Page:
Viet Nam News
HÀ NỘI — When Bùi Thị Mai of Nam Định Province was unable to find a job that allowed her to make use of her two-year medical diploma, she settled for a job as a factory worker at a local industrial park.
The job search was tough. She found several well-paid jobs with reasonable work hours, but the recruiters specified that they would only hire male candidates.
“A lot of jobs had physical requirements for female candidates, like you have to be at least 1.5-metre tall and weigh at least 42kg,” Mai told the Lao Động (Labour) newspaper. “I weighed about 40kg at that time, so I was unqualified right from the start.”
Female labourers in Việt Nam face gender discrimination in work and life, according to a recent report published by the Network of Actions for Migrant Workers (M.net). Several employers deliberately recruit either only male candidates, or female ones that have already had children so that they will not have to pay them their birth allowance, the report said.
A recent study conducted by the network shows that despite having the same qualifications and job levels, the average income of female workers in Việt Nam is 10.7 per cent lower than their male counterparts.
The discrepancy is wider in jobs that require higher levels of education. In 2016, while the difference between the incomes of male and female high school graduates was 8.1 per cent, it stood at 19.7 per cent for those with university degrees. The income of women in managerial positions is about 12 per cent lower than their male counterparts, according to the report.
More women are working in more hazardous environment than men, the report said. About 59 per cent of waged male workers have labour contracts, while only 50 per cent of their female counterparts do. More than 68 per cent of female workers in shoe export factories have had gynecological infections due to the hot, unhygienic environment, high work pressure and the lack of hygiene facilities for women, according to the report.
The working conditions are worse for female workers in the informal sector, such as domestic helpers and street hawkers. Earning only VNĐ4-6 million (US$176-264) per month, more often than not, these workers are unaware that they need to have labour contracts and that they have other rights and benefits apart from getting paid.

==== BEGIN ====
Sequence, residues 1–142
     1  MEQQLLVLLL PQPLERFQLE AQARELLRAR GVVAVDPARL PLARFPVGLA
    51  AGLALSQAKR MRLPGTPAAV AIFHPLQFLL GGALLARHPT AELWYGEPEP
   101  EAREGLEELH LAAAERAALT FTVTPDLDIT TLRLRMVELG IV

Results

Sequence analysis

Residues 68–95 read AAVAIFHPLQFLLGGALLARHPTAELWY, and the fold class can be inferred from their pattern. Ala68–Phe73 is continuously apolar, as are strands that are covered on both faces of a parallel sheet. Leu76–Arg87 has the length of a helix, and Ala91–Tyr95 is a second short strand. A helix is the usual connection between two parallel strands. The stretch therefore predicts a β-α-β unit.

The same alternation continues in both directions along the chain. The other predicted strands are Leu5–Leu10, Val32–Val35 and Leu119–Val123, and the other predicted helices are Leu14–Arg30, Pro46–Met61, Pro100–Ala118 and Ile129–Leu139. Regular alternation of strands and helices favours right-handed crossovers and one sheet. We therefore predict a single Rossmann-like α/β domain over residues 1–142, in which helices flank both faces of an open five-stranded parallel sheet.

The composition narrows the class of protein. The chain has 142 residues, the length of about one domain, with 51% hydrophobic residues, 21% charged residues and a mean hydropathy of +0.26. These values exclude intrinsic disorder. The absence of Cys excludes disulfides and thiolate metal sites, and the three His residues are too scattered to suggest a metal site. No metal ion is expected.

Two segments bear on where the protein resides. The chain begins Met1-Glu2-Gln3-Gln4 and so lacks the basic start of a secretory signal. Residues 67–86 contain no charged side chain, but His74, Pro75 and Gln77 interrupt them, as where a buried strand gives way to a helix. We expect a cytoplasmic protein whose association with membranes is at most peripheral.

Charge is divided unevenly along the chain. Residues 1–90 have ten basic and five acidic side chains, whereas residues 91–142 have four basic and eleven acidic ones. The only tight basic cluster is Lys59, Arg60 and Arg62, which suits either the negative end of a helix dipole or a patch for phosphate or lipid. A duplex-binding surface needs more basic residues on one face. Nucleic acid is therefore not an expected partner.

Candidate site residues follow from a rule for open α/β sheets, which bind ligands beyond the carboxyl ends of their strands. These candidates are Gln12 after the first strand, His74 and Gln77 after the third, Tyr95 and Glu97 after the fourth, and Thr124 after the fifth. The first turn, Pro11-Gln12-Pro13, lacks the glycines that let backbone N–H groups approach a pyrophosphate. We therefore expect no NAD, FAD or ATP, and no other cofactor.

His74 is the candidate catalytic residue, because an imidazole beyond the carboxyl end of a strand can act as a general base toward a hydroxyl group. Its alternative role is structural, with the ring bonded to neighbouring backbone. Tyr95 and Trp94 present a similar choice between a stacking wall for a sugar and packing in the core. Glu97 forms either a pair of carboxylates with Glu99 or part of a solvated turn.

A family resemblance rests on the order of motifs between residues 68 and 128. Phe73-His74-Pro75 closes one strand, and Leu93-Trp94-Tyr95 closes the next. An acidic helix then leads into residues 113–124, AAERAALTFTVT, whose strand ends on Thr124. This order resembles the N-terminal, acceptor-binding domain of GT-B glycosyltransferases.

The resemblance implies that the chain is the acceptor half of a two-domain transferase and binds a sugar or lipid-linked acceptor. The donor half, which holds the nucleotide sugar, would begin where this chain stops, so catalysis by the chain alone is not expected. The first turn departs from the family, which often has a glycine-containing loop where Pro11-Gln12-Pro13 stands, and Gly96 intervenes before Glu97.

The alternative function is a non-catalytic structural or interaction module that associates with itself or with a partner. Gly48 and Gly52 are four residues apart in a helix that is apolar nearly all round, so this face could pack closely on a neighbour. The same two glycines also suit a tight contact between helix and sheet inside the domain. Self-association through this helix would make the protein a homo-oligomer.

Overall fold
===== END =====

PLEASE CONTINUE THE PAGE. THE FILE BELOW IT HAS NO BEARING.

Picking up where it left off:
“We don’t know about the different types of insurance. No one ever told us about them,” said Trần Thị Chức, 37, a domestic helper in Hà Nội.
“I do wonder how I will make a living 10 years from now when I lose all my physical strength,” she added. “But I did not dare ask my employer for anything more than salary.”
Dương Thị Vân, 36, a street hawker selling flowers in Bắc Giang Province, said that she thinks only women would agree to the menial jobs such as housekeeping, hawking and washing dishes at restaurants.
“The nature of these jobs make us more self-deprecating and suffer from more disadvantages than men,” she said.
Ngô Thị Ngọc Anh, director of the Community Development and Family – Gender Research Centre (GFCD), said that a fair and just perspective from policy makers is much needed to create equal opportunities for all labourers in the country.
“It is absolutely important to give informal labourers access to social security policies such as social insurance and voluntary life insurance,” she said.
Phạm Minh Huấn, former Deputy Minister of Labour, Invalids and Social Affairs, said that ensuring the rights for formal and informal labourers is a long-term problem that needs to be tackled thoroughly.
He advised that the scope of the Labour Code be expanded to the informal sector so as to better protect informal labourers.
The employers play a major part in ensuring equal opportunities for female labourers, he added.
“They should embrace social responsibility, and not think of using female labourers without considering how they would ensure their benefits,” he said. — VNS